Not proper to accept the prosecution case when the place of occurrence itself has not been established: Calcutta HC [Read Judgment]
The Calcutta High Court while reversing conviction in a murder case ruled that it would not be proper to accept the prosecution case when the place of occurrence itself has not been established. The Bench comrising Justice Debasish Kar Gupta and Justice Md. Mumtaz Khan, acquitted the accused.
As per the case details, Md. Abdulla Mondal and Islam Sk, while returning home were attacked by several assailants. Bomb was allegedly hurled at them by one of the accused to disembark them from their cycles. With deadly assaults that ensued, the two victims succumbed to their injuries. FIR was filed based on the written complaint submitted by brother of the deceased. After considering all the facts of the case the impugned judgement was passed convicting the appellants for commission of the offence.
The appellants’ case was strengthened on the premise of several discrepancies and documentary irregularities. They highlighted certain crucial facts such as inordinate delay in filing of FIR, absence of opinion of the doctor on cause of death in the MLC, lack of any forensic evidence from the scene of occurrence such as bomb remnants etc, contradictions in the stated facts and the facts realised later, with respect to address of the appellant which was also the alleged scene of occurrence. These and many other such pertinent issues were raised which casted doubts on the validity of the case.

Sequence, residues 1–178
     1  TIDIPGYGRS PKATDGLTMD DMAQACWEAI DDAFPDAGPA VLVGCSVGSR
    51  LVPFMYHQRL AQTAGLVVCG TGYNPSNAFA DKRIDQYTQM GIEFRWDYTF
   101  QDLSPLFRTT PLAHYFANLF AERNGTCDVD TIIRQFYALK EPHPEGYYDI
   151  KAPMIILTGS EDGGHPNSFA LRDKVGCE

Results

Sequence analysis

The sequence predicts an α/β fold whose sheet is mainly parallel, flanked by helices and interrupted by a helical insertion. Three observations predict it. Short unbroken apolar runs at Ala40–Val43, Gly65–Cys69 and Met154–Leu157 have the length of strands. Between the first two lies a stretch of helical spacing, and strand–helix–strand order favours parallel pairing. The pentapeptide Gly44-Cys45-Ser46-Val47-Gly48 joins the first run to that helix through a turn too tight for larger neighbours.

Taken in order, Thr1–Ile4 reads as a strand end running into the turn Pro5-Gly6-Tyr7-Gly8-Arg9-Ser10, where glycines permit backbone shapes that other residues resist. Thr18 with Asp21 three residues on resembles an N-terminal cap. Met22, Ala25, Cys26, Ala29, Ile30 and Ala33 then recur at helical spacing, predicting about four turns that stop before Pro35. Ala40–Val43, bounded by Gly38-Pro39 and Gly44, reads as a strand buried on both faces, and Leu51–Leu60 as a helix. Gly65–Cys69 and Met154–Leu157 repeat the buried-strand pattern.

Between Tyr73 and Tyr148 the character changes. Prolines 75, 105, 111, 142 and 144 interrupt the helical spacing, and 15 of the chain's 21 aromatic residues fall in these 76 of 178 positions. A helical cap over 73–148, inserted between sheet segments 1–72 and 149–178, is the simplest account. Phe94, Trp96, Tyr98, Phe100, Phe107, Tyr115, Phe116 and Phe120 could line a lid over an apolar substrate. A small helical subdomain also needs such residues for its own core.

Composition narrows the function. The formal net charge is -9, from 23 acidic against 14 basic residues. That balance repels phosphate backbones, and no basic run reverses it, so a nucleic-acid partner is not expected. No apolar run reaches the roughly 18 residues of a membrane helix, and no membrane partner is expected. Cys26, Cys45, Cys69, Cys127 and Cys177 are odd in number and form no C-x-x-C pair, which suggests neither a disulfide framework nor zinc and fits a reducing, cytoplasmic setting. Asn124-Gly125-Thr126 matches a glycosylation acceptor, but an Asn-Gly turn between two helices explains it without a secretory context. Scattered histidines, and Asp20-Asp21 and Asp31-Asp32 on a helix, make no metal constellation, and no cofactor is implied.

Referring to Meharaj Singh vs. State of U.P, in which the court observed that absence of details of the FIR and the gist of statements recorded during inquest proceedings in the inquest report indicates the prosecution story was still in an embryo state and casts doubts on the authenticity of the FIR. Due to such infirmities the FIR loses its value
With major inconsistency in recorded evidence the court conceded that the place of occurrence of crime could not be ascertained and hence prosecution’s case holds no water. The court observed, ”The place of occurrence was not proved beyond all reasonable doubts in the instant case and as a result, we have no hesitation to arrive at a conclusion that there was infirmity in decision making process of the learned Trial Judge. Once it is held that the place of occurrence has not been established beyond all reasonable doubts, then the other circumstances are hardly sufficient to establish the guilt of the accused.”
Read the Judgment here.